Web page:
What followed was a twenty-minute game of 'Who Engages in More Risky Activities-You or Your Husband?' I was winning. I got points for never having smoked anything ever, not traveling out of the country for business, and skipping bungee jumping. I called it a tie on things like family history of diabetes, cholesterol levels, and maintaining a healthy weight. Then right at the end she dropped the bomb- personal history of cancer? I knew it had to be coming, but it was literally the LAST question she asked. And with that, I lost the game.
I was informed that insuring me would cost three times as much as insuring my husband. I wasn't happy about this, so I answered even more questions that required me to pull out my pink binder with the Stupid Cancer sticker on the cover. From my medical binder, I gave the woman on the phone exact information on the size and depth of my cancer, as well as treatment history, so that she could call back and give me a more accurate quote. I was sure the premium would go down. It had to. I did chemo. I've been cancer free for over seven years.
I got a twenty-second slap in the face the next day when the insurance company called back to inform me that the quote I received wasn't accurate. Turns out I'm uninsurable. At any cost. I promptly sent a snarky text to my husband letting him know the good news that I am worth far more alive than I am dead. Then I thought about what this meant. According to some mathematical risk analysis formula, it is so probable that I will die young(ish) that this company wouldn't even take me on. I am a liability. I made a point of not thinking too hard about this, though; I have come to terms with my own mortality. Cancer will help you do that. I have thought I was dying enough times that I have an advance directive, and I have put a great deal of thought into the legacy I would like to leave. Everyone dies. It doesn't scare me.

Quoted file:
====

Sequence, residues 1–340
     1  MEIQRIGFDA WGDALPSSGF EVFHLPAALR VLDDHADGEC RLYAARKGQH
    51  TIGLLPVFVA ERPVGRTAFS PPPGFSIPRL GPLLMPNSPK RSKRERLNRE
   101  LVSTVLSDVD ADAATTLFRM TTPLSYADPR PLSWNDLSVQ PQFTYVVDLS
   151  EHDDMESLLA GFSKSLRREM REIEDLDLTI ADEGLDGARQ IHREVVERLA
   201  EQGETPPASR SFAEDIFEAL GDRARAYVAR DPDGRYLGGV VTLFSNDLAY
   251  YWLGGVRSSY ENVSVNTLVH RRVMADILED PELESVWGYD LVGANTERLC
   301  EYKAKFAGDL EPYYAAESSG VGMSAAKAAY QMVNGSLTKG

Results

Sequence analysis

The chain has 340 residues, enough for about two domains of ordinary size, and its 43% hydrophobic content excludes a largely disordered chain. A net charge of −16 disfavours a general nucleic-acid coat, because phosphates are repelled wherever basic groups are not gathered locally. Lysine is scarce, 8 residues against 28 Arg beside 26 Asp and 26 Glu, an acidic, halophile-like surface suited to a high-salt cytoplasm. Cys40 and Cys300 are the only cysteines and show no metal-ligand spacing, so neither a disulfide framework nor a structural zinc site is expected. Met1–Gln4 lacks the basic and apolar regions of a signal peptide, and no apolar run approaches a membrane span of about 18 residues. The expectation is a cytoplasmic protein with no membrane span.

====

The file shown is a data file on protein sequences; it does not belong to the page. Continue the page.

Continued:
I thought my fear of being uninsurable was over once healthcare reform became a reality, but I hadn't even considered life insurance. Who my age does? As frustrated as I am about this, I am trying not to let it get me down. For all the unexpected (and unwanted) 'gifts' that cancer has given me (surprise- your thyroid doesn't work anymore!) There are many more gifts that I am grateful for. I have traveled the country, met amazing people, shared my story, created artwork, found my inner athlete. I have perspective and priorities. My life took a sharp left turn it wouldn't have taken without cancer, and I am eternally grateful for the change in course, because without cancer, I wouldn't be who I am- Someone whose life's value can't be summed up with a mathematical formula.
Hope. Love. Run.